Sussex County Council members approved two local entrepreneurs and a developer at a Baltimore Hundred-heavy council meeting, Jan. 10.
They granted conditional-use requests for Timothy and Vickie O’Hare, for a wood shop, and Ed Chiasson, for a gift shop.
The O’Hares were basically seeking flexibility to hire an employee — as Planning and Zoning (P&Z) Director Lawrence Lank pointed out, they could have otherwise applied for a “home occupation” type business.
Their application cleared the county in short order — but it was Chiasson’s second try. At council’s recommendation, he’d returned seeking the conditional use, rather than his initial request for a change of zone to Commercial (C-1) or Neighborhood Business (B-1).
Council has increasingly favored the conditional-use route, because it gives them another look if the approved owners later sell and the commercial use changes. With a rezoning, the approved owners may follow council’s recommendations to the letter, or they may sell to someone else who does something totally different with the property. Council can’t impose conditions on subsequent owners — though they do have to comply with the P&Z’s technical requirements at site-plan review.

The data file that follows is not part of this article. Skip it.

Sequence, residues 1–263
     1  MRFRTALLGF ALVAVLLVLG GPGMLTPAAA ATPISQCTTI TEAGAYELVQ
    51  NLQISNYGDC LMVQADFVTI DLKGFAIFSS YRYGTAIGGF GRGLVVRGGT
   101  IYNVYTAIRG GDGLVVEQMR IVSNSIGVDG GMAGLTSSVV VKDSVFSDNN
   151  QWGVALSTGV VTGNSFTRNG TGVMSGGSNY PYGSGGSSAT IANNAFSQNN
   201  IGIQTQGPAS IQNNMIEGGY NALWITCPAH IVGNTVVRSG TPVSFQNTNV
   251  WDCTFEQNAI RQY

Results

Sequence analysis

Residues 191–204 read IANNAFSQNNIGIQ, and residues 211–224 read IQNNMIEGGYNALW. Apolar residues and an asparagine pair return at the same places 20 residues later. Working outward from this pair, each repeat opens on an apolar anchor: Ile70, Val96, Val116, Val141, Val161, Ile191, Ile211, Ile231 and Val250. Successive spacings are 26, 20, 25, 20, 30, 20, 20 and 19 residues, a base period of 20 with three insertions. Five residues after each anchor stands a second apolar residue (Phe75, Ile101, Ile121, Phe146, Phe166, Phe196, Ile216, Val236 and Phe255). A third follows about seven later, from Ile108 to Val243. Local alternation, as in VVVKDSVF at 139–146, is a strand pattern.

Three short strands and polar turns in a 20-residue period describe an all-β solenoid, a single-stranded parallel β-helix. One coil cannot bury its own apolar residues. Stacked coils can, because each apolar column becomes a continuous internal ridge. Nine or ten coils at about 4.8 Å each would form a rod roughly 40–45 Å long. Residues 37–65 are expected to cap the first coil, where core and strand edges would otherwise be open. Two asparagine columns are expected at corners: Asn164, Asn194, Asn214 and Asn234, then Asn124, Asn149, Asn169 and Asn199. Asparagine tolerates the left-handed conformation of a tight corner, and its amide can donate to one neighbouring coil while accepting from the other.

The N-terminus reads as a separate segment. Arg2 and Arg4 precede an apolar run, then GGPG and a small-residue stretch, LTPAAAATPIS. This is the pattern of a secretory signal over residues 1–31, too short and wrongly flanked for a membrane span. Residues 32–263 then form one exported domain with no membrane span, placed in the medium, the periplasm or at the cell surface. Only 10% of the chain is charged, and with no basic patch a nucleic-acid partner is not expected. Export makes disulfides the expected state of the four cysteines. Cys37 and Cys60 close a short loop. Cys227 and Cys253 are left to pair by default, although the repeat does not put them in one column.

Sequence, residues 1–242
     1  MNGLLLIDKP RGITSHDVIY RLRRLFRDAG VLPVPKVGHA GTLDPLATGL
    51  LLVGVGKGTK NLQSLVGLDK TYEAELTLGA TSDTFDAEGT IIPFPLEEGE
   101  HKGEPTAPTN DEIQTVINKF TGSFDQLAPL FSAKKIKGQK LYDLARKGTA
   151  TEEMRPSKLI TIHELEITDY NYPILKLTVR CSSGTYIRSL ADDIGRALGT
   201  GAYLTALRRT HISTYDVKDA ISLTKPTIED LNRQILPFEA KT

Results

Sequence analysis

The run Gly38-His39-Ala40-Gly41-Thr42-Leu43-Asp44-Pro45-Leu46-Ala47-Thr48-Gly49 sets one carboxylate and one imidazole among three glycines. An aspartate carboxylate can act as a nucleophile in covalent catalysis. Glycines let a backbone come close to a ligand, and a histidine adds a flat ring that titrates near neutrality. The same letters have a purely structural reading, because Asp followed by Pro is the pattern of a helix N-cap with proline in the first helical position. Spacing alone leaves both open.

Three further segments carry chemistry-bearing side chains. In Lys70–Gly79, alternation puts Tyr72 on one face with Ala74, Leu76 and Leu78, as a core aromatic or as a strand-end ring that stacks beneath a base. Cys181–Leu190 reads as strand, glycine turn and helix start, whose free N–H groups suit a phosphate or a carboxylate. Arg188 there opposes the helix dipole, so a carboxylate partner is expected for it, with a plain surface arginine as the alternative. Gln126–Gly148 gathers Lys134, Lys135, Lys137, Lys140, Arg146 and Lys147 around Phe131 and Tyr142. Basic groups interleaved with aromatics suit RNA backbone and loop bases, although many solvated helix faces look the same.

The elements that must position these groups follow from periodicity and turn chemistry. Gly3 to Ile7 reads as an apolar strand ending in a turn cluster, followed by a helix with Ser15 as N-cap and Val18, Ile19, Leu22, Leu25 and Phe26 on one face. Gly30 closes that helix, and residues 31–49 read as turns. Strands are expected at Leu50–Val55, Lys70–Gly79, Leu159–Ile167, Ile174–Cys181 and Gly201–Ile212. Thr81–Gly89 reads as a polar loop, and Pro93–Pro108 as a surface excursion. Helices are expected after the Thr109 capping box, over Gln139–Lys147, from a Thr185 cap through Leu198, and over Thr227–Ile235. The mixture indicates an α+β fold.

With the more limited conditional-use application, Chiasson’s nautical-themed gift shop received the green light this time around.
And finally, developers for the big Bayville Shores development received approval for another 10 residential units, to replace an “underutilized” mini-storage facility.
Developer Coleman Bunting said they’d originally expected more residents to rent the storage units (and the mini-storage was in fact deed-restricted so that only the residents could rent there).
But they’d never rented more than a handful, he said. Delivering the P&Z’s recommendations, Lank reported Commission Member Benjamin Gordy’s comment that the commercial use had become something of an eyesore, and that the new residential units would prove of greater asset to the community.
“We brought this before the condominium association, told everyone what we intend to do, and as you can see, there’s no opposition tonight,” Bunting noted. (In fact, attendance could have been counted on the index finger of one hand at that point.)